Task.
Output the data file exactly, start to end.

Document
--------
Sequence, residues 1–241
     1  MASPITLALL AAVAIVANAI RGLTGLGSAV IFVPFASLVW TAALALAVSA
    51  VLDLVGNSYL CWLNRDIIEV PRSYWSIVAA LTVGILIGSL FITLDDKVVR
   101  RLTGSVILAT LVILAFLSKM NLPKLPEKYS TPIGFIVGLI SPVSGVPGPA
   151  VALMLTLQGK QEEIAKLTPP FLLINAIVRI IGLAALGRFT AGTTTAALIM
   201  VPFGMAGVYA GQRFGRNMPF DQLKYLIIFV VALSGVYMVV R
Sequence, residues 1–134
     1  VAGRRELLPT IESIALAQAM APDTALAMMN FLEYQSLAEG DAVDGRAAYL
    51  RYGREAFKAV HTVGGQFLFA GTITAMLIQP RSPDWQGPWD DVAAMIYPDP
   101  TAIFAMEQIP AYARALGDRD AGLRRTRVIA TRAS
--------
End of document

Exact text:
Sequence, residues 1–241
     1  MASPITLALL AAVAIVANAI RGLTGLGSAV IFVPFASLVW TAALALAVSA
    51  VLDLVGNSYL CWLNRDIIEV PRSYWSIVAA LTVGILIGSL FITLDDKVVR
   101  RLTGSVILAT LVILAFLSKM NLPKLPEKYS TPIGFIVGLI SPVSGVPGPA
   151  VALMLTLQGK QEEIAKLTPP FLLINAIVRI IGLAALGRFT AGTTTAALIM
   201  VPFGMAGVYA GQRFGRNMPF DQLKYLIIFV VALSGVYMVV R
Sequence, residues 1–134
     1  VAGRRELLPT IESIALAQAM APDTALAMMN FLEYQSLAEG DAVDGRAAYL
    51  RYGREAFKAV HTVGGQFLFA GTITAMLIQP RSPDWQGPWD DVAAMIYPDP
   101  TAIFAMEQIP AYARALGDRD AGLRRTRVIA TRAS